The debate over the fetishization of the object as commodity found in the pages of Das Kapital is over, gone, for today the new commodity in our midst is information and the central question that we face is how we calculate and trade in it. The object itself has less value and identity these days; it’s more about the event, especially for art. It would have been more relevant to read, say, Thomas Piketty’s take on the social and political patterns underpinning today’s current economic inequality (an idea suggested to me by the curator Gianni Jetzer) or any number of books dealing with a dissolution of a distinction between information and knowledge.
It seems pointless, in a way, to argue further with the exhibition theme. This is Enwezor’s vision of the world today through the art he admires. I just don’t know why it has to be without compassion, love, beauty or hope and so relentlessly earnest and bleak that it excludes all aesthetic pleasure and fun, beginning, at the entry, with a selection of Bruce Nauman’s most depressing neon light word works denouncing American violence and hypocrisy. It feels a lot like the curator was seeking justification for his anti-capitalist, de-centered and deeply anti-American world view, which for me only further serves to marginalize the show from the real forces in today’s world.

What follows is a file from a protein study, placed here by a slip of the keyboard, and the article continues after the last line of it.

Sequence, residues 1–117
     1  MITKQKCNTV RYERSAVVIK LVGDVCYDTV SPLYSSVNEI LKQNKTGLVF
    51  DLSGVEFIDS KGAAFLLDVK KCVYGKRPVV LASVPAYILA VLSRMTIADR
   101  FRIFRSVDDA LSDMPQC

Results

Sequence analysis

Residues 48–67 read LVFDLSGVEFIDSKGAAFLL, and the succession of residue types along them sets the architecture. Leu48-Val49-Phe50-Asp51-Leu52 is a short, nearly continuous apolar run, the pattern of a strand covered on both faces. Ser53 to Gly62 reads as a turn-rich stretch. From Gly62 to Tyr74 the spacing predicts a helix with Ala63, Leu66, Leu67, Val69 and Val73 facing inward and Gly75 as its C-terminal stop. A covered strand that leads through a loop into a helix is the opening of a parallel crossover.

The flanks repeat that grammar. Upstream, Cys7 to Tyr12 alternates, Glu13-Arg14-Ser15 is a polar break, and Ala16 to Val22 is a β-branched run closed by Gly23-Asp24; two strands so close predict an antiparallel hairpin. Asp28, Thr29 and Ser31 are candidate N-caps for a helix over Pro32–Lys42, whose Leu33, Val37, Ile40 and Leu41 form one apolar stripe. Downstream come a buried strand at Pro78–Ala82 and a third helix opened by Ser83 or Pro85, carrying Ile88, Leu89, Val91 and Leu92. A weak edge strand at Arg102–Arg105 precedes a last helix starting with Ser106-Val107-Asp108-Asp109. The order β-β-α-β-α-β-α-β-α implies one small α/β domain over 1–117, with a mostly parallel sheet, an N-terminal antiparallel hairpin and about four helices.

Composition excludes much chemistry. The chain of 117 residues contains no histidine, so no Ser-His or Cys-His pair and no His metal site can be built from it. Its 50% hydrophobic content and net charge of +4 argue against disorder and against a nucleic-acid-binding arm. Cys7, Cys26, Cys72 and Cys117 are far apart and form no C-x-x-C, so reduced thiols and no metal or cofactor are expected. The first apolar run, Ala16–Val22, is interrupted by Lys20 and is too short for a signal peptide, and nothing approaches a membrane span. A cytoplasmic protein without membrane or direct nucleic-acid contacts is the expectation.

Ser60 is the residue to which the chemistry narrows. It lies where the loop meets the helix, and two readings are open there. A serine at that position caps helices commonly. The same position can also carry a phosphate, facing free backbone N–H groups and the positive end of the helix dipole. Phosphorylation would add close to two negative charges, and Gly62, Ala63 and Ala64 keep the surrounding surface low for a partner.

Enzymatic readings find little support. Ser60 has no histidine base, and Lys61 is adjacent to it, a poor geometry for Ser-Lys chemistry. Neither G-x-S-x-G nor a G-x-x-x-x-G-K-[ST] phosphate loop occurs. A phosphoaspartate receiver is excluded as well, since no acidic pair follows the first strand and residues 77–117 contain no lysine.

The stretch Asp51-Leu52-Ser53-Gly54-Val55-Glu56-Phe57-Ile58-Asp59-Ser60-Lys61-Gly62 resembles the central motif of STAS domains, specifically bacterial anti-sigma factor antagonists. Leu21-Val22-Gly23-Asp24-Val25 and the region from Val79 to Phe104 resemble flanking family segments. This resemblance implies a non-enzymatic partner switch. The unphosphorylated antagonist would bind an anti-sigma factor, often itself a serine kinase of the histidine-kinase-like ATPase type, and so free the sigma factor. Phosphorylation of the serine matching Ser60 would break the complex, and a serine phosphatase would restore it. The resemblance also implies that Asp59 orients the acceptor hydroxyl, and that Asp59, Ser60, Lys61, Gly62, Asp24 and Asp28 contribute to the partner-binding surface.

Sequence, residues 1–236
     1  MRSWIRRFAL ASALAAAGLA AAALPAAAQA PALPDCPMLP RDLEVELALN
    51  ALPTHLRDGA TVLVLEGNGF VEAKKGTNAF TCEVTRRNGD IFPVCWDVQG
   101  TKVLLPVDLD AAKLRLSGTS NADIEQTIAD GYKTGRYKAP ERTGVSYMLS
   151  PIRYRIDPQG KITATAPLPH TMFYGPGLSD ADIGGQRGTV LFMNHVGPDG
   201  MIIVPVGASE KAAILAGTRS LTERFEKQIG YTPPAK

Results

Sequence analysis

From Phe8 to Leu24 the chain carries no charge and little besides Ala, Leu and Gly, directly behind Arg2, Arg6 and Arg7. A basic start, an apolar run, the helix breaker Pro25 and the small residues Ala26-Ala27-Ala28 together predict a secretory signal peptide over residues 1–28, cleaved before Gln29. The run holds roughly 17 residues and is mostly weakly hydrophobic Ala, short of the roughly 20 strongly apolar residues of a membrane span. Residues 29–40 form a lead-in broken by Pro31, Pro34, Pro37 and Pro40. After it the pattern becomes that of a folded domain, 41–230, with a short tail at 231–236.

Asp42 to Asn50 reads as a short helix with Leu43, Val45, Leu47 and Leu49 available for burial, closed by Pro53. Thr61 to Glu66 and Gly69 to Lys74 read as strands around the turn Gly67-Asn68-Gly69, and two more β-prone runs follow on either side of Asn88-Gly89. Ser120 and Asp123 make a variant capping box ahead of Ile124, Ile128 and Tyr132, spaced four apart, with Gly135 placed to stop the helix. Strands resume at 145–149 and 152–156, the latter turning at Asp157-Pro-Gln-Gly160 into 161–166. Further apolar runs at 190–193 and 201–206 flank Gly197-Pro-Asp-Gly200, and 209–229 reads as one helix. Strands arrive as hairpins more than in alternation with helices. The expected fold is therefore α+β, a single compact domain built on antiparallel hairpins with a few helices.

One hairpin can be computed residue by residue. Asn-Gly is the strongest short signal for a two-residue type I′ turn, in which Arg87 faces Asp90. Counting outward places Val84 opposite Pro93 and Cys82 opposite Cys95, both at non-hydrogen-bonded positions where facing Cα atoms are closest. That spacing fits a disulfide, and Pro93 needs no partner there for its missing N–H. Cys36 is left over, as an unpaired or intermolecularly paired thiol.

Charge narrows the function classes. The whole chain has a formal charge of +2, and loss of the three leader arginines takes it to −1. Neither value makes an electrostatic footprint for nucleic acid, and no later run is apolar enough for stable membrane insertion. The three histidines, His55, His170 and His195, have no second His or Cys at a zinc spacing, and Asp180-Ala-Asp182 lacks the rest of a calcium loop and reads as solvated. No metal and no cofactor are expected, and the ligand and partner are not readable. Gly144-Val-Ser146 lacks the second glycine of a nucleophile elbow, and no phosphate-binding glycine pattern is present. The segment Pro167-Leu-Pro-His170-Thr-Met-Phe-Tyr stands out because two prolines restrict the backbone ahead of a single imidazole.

From here “All the World’s Futures” quickly descends into a catalogue of all of the world’s misery. Ebola, civil war, human trafficking, natural disasters, labor exploitation, environmental destruction, inequality—it’s all here, in artwork so conceptually driven as to be in many, many cases annoyingly didactic. This is a moralizing show which paradoxically is arranged in such a way to feel less like a cohabitation of aligned artistic messages and more like a random collection of isolated artworks. Organizationally, the show is a real mess on account of the density of the hang. The muddling together of artists and work may have some deliberate purpose—once again, perhaps to deliberately unsettle and de-center viewers.